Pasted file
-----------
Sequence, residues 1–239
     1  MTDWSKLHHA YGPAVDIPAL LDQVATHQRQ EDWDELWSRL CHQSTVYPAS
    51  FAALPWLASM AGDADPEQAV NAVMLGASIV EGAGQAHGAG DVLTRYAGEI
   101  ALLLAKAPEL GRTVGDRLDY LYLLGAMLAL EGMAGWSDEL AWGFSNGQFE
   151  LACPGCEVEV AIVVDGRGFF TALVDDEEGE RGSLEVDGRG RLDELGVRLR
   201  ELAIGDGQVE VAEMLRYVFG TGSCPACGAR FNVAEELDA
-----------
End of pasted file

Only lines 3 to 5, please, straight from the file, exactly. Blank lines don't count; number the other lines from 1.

    51  FAALPWLASM AGDADPEQAV NAVMLGASIV EGAGQAHGAG DVLTRYAGEI
   101  ALLLAKAPEL GRTVGDRLDY LYLLGAMLAL EGMAGWSDEL AWGFSNGQFE
   151  LACPGCEVEV AIVVDGRGFF TALVDDEEGE RGSLEVDGRG RLDELGVRLR